Why half? An often-used rule of thumb is that theaters get 50% of the cut, a figure that's supported by public data. For example, in 2013, Regal Entertainment (NYSE:RGC) kept 47.7% of gross admissions revenue after paying film rental and advertising costs. AMC Entertainment (NYSE:AMC) kept 47.1% of of revenue from ticket sales over the same period.
(Industry rule of thumb: To determine whether a film is likely to be box-office profitable, take half the worldwide gross revenue and then subtract 150% of the budget to account for both production and marketing and distribution costs. What's left is a decent estimate of gross profit. The overall point being that estimating marketing and distribution as half of the production won't get you a perfect model for profitability, but it might get you close -- and that's a model we can comfortable with as investors since our goal is never precision. Rather, we're after good, intellectually sound process.)
The worldwide market is tougher to determine. Researcher IBISWorld has nevertheless pegged the total at $90 billion, with 58,100 businesses and 860,000 employees and contractors participating.
How does the film industry work?
For investors' purposes, the film industry is generally composed of three elements: producers, distributors, and theater operators. This isn't to diminish all of the on-screen and behind-the-camera talent that goes into making movies. Rather, I'm simplifying what can be a remarkably difficult and byzantine industry facing increasing competition.
Richer home entertainment options have made it easier to avoid the cineplex. That, in turn, has increased pressure on studios to produce blockbusters that can earn big in their first two weeks of release. Some of Hollywood's biggest names are making fewer movies in response. According to Box Office Mojo, Walt Disney's (NYSE:DIS) Buena Vista Pictures released 10 films in 2013 versus 19 in 2003. Sony (NYSE:SNE) and Columbia Pictures released 31 movies last year, down from 43 a decade earlier.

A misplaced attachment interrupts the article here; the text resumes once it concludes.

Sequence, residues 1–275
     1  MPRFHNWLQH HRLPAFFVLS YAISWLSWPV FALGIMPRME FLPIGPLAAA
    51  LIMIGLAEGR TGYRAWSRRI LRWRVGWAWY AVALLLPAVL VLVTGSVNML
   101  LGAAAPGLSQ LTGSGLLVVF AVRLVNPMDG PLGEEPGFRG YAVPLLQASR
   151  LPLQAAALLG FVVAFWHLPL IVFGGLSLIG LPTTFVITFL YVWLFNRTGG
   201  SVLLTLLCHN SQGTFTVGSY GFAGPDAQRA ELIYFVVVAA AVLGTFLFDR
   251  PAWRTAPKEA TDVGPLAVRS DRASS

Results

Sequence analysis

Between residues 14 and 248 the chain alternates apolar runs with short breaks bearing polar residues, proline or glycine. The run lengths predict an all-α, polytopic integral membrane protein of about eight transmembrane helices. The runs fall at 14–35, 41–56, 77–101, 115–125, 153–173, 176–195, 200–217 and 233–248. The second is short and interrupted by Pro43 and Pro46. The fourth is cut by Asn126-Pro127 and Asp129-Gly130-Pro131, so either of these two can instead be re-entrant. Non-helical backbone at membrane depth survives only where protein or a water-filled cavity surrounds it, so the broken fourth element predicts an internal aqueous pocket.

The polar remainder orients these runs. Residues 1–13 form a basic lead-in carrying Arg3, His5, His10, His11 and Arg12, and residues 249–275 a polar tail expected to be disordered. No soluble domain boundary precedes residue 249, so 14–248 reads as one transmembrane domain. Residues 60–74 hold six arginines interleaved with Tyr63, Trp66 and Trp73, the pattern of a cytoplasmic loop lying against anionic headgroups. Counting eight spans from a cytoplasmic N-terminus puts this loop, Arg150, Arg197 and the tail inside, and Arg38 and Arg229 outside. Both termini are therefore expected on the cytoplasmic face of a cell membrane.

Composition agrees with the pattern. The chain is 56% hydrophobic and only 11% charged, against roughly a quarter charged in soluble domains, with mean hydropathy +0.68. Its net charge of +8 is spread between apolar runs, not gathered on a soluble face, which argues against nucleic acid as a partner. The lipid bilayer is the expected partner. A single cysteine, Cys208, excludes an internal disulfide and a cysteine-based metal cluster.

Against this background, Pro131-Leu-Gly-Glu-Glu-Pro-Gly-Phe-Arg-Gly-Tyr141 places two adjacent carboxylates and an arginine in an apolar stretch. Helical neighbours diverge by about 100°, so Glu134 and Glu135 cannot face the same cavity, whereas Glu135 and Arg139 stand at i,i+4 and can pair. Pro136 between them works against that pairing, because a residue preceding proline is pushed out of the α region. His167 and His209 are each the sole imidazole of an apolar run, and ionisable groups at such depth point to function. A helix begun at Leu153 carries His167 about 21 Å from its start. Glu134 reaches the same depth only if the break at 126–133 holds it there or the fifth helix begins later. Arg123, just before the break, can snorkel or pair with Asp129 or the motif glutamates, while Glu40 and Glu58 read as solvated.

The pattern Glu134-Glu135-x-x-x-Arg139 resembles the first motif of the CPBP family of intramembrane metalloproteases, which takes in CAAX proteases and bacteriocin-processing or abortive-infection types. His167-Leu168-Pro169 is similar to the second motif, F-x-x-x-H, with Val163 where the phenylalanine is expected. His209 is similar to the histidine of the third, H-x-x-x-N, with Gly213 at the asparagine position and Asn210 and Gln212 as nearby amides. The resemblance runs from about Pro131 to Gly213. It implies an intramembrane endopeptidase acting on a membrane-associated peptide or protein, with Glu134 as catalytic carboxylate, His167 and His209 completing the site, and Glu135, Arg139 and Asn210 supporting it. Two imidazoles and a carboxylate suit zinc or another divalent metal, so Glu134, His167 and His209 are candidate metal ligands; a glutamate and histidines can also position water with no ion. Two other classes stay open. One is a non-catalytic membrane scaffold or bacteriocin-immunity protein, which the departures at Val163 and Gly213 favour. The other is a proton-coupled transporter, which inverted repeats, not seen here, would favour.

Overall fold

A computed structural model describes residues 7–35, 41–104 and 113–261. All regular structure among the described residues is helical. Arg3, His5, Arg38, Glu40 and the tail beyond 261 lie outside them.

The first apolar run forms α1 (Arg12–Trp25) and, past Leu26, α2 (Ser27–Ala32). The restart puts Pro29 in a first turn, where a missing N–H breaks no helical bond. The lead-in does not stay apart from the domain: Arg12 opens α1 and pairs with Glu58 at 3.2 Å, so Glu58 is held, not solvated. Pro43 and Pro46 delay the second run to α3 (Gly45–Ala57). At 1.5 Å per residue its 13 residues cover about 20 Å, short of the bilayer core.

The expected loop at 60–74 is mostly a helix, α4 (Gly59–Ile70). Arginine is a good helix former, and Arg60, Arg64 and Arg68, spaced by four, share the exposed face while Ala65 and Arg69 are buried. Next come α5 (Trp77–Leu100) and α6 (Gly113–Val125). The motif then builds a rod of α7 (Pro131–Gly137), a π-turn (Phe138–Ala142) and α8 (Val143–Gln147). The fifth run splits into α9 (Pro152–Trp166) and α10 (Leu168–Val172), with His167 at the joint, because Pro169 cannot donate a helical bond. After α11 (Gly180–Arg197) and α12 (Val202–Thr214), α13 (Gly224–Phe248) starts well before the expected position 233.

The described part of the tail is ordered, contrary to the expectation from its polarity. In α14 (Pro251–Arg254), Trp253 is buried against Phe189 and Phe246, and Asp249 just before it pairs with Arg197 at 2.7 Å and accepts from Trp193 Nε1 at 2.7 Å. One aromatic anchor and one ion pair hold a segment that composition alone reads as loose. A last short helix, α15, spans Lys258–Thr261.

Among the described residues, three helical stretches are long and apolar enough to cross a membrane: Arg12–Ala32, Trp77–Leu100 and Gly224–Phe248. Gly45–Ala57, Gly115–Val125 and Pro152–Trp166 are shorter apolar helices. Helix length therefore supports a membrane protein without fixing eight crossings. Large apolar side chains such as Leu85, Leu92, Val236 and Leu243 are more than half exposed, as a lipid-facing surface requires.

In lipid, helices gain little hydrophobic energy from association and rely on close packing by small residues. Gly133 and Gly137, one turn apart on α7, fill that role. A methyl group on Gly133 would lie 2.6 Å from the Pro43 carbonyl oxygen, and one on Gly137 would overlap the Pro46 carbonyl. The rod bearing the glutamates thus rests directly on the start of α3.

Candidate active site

Yet U.S. box office revenue has been on the rise in recent years as the film industry turns to technology and premium experiences such as 3D and IMAX (NYSE:IMAX) o boost ticket prices. In 2013 alone, the average ticket price increased to $8.13 from $7.96 the year prior.
We can expect more of that in the years to come as chains turn crowded auditoriums into luxury suites that offer not only filmed entertainment but also dinner and drinks. That same experience should also lend itself to the computer graphics-infused blockbuster fare coming out of Hollywood: big-ticket, high-adventure epics partially shot in a premium format and best enjoyed in a theater that supports premium playback. Think of Avatar, or Marvel's The Avengers.